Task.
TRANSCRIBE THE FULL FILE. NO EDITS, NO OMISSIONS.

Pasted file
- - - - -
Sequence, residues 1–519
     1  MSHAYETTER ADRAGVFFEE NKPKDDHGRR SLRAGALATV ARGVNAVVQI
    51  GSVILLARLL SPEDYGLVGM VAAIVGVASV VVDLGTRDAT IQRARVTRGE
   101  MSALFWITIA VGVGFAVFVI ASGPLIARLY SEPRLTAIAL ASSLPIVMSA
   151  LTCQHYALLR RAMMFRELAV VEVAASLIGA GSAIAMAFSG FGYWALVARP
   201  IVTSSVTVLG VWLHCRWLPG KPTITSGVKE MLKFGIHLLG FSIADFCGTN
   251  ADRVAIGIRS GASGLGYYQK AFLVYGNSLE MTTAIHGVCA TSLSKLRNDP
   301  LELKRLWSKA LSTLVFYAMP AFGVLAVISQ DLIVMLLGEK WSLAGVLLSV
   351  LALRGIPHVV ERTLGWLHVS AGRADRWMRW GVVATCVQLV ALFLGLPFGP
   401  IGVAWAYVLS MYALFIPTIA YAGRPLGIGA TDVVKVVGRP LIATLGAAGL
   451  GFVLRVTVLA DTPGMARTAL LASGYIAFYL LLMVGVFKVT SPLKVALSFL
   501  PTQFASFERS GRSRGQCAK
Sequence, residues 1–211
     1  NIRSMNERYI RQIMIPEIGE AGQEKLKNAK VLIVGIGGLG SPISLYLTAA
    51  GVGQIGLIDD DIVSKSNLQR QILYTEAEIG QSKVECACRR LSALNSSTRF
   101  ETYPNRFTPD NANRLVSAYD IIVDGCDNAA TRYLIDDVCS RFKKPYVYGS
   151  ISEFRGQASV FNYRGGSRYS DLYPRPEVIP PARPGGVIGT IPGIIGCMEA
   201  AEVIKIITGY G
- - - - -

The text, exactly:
Sequence, residues 1–519
     1  MSHAYETTER ADRAGVFFEE NKPKDDHGRR SLRAGALATV ARGVNAVVQI
    51  GSVILLARLL SPEDYGLVGM VAAIVGVASV VVDLGTRDAT IQRARVTRGE
   101  MSALFWITIA VGVGFAVFVI ASGPLIARLY SEPRLTAIAL ASSLPIVMSA
   151  LTCQHYALLR RAMMFRELAV VEVAASLIGA GSAIAMAFSG FGYWALVARP
   201  IVTSSVTVLG VWLHCRWLPG KPTITSGVKE MLKFGIHLLG FSIADFCGTN
   251  ADRVAIGIRS GASGLGYYQK AFLVYGNSLE MTTAIHGVCA TSLSKLRNDP
   301  LELKRLWSKA LSTLVFYAMP AFGVLAVISQ DLIVMLLGEK WSLAGVLLSV
   351  LALRGIPHVV ERTLGWLHVS AGRADRWMRW GVVATCVQLV ALFLGLPFGP
   401  IGVAWAYVLS MYALFIPTIA YAGRPLGIGA TDVVKVVGRP LIATLGAAGL
   451  GFVLRVTVLA DTPGMARTAL LASGYIAFYL LLMVGVFKVT SPLKVALSFL
   501  PTQFASFERS GRSRGQCAK
Sequence, residues 1–211
     1  NIRSMNERYI RQIMIPEIGE AGQEKLKNAK VLIVGIGGLG SPISLYLTAA
    51  GVGQIGLIDD DIVSKSNLQR QILYTEAEIG QSKVECACRR LSALNSSTRF
   101  ETYPNRFTPD NANRLVSAYD IIVDGCDNAA TRYLIDDVCS RFKKPYVYGS
   151  ISEFRGQASV FNYRGGSRYS DLYPRPEVIP PARPGGVIGT IPGIIGCMEA
   201  AEVIKIITGY G